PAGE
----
Resolving some spatial resolution issues – Part 1: Between line pairs and sampling distance by Geert Verhoeven 26
Cropmarks 36
Books and papers of interest? 39
AARG: general information, membership, addresses, student scholarships 45
A selection of posters from AARG 2018 46-
Zuzanna Kowalczyk and Martyna Andrzejak, The crop circle mystery: Another case study of a pitfall in the air photographs interpretation.
Valeria Volpe, A centuriatio seen from above: airphotography, field surveys and archival research for detecting past landscape systems in the territory of Vibinum (Bovino, Foggia).

AARGnews 56 (2018,1)

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Editorial 3
Chairpiece: by Steve Davis 7
Preliminary notice: AARG 2018, Venice 9
Student/young researchers’ scholarships for AARG 2018 10
AARG notices: Derrick Riley Bursary / ISAP Fund / Information for contributors 11
UAVs in Context: Archaeological Airborne Recording in a National Body of Survey and Record by David C. Cowley, Charles Moriarty, George Geddes, Georgina L. Brown, Tom Wade and Caroline J. Nichol. 12
Pixels – So basic but so confusing by Geert Verhoeven 28
Sentinel‐2 tools to improve field survey planning: Methods and first experiences by Jesús García Sánchez and Cristina Charro Lobato 34
Cropmarks 42
Books and papers of interest? 44
AARG: general information, membership, addresses, student scholarships 47

AARGnews 55 (2017,2)

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Editorial 3
Outgoing Chairpiece: by Rachel Opitz 7
Incoming Chairpiece: by Steve Davis 8
Preliminary notice: AARG 2018, Venice 10
Student/young researchers’ scholarships for AARG 2018 10
AARG notices: 
Derrick Riley Bursary/ISAP Fund/ Information for contributors 11
Geert’s aerial pixel corner by Geert Verhoeven 12
The reflection of two fields – electromagnetic radiation and its role in (aerial) imaging by Geert Verhoeven 13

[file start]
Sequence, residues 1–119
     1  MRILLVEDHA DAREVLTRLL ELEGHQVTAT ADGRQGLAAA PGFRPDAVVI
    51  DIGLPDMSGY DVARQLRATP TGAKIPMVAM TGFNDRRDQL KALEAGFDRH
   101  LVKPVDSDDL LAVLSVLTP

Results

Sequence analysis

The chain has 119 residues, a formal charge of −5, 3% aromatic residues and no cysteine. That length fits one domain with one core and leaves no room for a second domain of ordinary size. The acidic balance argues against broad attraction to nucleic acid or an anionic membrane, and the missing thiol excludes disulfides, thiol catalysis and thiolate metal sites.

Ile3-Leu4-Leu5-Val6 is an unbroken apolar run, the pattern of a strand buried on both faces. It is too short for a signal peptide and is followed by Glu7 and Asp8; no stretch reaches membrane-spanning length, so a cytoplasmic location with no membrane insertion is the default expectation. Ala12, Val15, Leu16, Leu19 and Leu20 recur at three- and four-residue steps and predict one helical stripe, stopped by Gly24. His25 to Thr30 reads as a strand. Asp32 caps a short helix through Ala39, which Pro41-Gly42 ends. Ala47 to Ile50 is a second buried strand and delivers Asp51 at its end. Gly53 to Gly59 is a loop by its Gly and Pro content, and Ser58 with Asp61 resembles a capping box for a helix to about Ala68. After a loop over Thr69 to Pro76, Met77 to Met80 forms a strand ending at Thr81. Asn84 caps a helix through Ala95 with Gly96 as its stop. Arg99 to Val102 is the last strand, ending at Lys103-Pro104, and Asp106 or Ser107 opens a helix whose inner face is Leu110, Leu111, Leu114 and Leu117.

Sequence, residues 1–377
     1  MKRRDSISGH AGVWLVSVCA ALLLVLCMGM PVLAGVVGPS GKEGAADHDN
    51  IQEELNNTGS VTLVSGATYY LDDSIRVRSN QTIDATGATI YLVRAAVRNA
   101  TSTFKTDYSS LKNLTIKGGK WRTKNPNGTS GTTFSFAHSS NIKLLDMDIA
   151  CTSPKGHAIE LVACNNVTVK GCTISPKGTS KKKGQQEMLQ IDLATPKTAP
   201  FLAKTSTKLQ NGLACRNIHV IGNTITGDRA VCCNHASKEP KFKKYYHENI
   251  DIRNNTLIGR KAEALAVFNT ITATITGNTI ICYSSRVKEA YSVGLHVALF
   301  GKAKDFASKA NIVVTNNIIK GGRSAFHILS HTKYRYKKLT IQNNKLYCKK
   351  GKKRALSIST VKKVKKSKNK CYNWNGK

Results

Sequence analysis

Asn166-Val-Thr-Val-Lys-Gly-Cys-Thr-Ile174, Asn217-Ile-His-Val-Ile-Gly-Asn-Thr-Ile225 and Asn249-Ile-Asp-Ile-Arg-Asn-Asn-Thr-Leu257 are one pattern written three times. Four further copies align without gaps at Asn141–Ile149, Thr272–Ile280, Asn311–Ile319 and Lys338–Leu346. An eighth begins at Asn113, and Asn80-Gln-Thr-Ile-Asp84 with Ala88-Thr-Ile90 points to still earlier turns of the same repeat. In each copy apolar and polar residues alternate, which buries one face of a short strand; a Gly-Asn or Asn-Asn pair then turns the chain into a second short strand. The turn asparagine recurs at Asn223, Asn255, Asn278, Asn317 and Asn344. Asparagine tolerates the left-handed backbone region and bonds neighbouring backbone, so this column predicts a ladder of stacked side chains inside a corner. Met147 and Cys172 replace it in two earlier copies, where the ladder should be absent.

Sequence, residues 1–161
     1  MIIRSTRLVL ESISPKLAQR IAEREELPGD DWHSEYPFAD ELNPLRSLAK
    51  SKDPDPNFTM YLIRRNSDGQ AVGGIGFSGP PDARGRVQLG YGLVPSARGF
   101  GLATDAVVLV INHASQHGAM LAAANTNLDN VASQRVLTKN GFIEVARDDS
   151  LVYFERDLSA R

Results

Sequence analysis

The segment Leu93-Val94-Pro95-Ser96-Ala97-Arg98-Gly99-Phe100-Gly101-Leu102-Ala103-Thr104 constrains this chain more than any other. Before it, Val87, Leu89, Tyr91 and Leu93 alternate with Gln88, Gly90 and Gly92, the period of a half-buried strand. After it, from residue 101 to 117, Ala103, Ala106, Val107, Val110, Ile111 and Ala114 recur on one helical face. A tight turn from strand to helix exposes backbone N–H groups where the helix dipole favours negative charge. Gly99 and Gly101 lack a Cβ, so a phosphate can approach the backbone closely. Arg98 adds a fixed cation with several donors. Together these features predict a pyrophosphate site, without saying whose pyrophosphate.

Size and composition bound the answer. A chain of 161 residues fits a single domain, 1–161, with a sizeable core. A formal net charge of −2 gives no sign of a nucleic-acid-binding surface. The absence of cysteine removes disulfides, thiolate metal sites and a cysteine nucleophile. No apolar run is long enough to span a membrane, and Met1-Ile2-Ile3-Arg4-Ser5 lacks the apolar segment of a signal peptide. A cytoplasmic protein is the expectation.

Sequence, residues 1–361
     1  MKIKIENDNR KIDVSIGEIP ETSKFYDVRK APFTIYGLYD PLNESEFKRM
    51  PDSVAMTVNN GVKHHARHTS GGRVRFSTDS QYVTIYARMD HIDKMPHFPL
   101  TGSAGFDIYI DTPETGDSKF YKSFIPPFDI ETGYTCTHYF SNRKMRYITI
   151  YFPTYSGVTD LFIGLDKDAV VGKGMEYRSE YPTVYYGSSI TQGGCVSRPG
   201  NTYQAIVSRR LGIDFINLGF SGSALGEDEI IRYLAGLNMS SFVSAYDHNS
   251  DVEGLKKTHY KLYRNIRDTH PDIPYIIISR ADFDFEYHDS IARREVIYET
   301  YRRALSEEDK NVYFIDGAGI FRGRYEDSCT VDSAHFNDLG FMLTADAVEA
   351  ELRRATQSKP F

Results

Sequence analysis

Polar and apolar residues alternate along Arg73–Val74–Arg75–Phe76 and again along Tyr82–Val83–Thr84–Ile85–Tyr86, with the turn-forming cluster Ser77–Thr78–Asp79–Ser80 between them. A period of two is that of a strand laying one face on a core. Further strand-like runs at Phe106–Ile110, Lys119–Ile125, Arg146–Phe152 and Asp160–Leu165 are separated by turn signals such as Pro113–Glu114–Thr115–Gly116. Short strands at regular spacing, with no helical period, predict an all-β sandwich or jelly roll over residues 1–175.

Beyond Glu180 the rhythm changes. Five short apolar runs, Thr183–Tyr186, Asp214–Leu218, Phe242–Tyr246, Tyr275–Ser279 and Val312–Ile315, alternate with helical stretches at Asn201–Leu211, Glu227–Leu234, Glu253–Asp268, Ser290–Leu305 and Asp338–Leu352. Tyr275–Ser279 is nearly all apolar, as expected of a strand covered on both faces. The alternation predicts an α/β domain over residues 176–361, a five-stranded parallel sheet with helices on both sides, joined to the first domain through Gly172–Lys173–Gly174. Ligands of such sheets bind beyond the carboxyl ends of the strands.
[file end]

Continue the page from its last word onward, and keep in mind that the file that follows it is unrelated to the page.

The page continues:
Developing an approach to national mapping – preliminary work on Scotland in miniature by Dave Cowley and Adara López-López 19
Cropmarks 26
Books and papers of interest? 29
AARG: general information, membership, addresses, student scholarships 34
A selection of posters from AARG 2017 35-
Manuel Fernández‐Götz, Felix Teichner, and Christoph Salzmann. Digital Elevation Modelling and Geophysical Surveys at the Roman Camps of Ardoch (Scotland)
Vasiliki Lysandrou and Athos Agapiou. An aerial investigation of the eastern necropolis of Nea Paphos, Cyprus
Stefania Michalopoulou. The Role of Agriculture and Pastoralism for the Cultural Formation of the Mountainous Landscape of Siteia Area, Crete (Greece): a view from the sky
Charles Moriarty. Deploying multispectral remote sensing for multitemporal analysis of archaeological crop stress at Ravenshall, Fife, Scotland
Gerald Raab and Ronny Weßling. The Iron Age hillfort settlement of Vix – Comparing historical DEMs
Manuel Fernández‐Götz, Jesús García Sánchez, José Costa García, Joao Fonte and Felix Teichner. Aerial Archaeology at Sasamón (Burgos, Spain): Iron Age Hillfort and Roman Camps
Agnes Schneider. A semi‐automatic workflow for the supervised detection of anthropogenic objects in archaeological analysis using GIS APIs and R
CHERISH series:
1 Introduction and objectives
2 Corns, A., et. al. Aerial archaeology: core to the CHERISH project
3 Corns, A., Devlin, G. and Shaw, R. Monitoring heritage in the coastal zone case study: Skellig Michael, Ireland
Lenka Starková, Karel Nováček, and Miroslav Melčák. Interactive map of the historical heritage of Mosul
Máté Szabó. Revealing invisible crop marks by DSM relief‐visualisation

AARGnews 54 (2017,1)

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Editorial 4
AARG Chairpiece: March 2017 by Rachel Opitz 7
Student/young researchers’ scholarships for AARG 2017 8
AARG 2017: First call for papers 9
AARG notices: Derrick Riley Bursary 10